The announcement yesterday that Hasbro acquired 70 percent of Backflip Studios for $112 million is great (and well deserved) for the Backflip team but potentially disastrous for many mid-level social game companies. Backflip has a history of successful—and profitable—games, highlighted by DragonVale, one of the most successful games in iOS history. The game launched in 2011 and still in the top 15 in the top-grossing charts.
The valuation bodes poorly for other social mobile game companies. Given the $112 million purchase price for 70 percent, the Backflip team accepted a valuation of $160 million. There are many, many, less successful mobile game developers who have taken significant amounts of venture capital at valuation two to six times the valuation Hasbro paid for Backflip. How could a company that does not have a franchise as strong as DragonVale argue it is worth more than $160 million?
For many of these developers—companies like Pocket Gems, TinyCo, Storm8, Crowdstar and Kabam—may not be able to raise additional capital and their investors will not be open to a sale. When investors are considering an investment in a game company, they will compare the transaction to the most recent major deals in the space. In this case, it would be difficult to argue any of these companies are more valuable than Backflip, yet their valuation from previous investment rounds is probably higher and those investors are likely to block any investment at a valuation relative to the Backflip transaction.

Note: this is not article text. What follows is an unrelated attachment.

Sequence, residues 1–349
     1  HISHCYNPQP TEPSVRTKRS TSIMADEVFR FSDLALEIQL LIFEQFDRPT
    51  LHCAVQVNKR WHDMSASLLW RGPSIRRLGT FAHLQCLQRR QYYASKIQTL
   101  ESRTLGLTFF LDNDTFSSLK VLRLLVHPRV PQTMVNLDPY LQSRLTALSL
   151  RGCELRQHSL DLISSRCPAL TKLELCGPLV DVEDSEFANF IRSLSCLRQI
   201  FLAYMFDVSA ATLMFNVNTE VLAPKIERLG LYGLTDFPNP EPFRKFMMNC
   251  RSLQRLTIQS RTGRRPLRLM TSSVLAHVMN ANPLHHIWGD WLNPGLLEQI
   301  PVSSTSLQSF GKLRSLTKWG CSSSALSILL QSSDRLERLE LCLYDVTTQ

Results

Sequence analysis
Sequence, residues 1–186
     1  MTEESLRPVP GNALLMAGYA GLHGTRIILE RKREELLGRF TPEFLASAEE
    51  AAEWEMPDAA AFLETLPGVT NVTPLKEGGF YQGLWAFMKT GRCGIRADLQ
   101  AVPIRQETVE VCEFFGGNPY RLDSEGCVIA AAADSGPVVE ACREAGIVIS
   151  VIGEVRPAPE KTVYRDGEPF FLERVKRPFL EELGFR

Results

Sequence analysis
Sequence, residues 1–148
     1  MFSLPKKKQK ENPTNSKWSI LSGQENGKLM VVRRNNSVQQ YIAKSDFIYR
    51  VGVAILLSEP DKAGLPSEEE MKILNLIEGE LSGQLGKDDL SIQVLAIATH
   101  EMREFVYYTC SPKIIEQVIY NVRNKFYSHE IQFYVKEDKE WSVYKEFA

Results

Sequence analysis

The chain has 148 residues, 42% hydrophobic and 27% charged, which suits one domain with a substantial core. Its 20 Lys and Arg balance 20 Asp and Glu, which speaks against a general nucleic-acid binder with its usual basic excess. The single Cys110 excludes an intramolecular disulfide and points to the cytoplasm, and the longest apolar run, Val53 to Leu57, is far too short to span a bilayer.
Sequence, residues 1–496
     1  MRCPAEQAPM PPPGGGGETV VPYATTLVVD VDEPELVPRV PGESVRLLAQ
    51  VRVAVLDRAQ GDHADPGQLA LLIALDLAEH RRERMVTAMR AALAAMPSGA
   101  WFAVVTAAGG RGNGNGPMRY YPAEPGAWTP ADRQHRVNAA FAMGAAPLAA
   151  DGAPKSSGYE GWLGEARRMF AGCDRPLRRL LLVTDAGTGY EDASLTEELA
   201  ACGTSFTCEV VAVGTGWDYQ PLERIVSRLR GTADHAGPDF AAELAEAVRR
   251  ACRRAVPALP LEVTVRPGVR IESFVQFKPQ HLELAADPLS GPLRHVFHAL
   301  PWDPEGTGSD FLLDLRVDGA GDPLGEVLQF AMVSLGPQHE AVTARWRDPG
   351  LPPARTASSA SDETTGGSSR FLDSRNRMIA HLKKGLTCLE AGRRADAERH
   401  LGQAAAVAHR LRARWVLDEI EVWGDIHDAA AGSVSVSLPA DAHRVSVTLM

It will also make it very difficult for any company that raised a significant round at a very high valuation (e.g., $300 million to $1 billion) to have an exit. A potential acquirer is unlikely to pay a significantly higher multiple than what Hasbro paid for Backflip (by multiple, how much times revenue or profit Hasbro paid to reach the $160 million number). Yet an investor is unlikely to approve a deal at a valuation lower than at which they invested and thus take a loss on their investment. Unless the investment was small and the developer kept control (and most of the mid-major game developers did take large sums), there will not be any exit opportunities.
The Backflip team was smart in that they created really fun games that quickly became profitable and thus had to take little outside money. For them, this is a great deal and well deserved. For other less successful but more highly valued developers, it is ominous.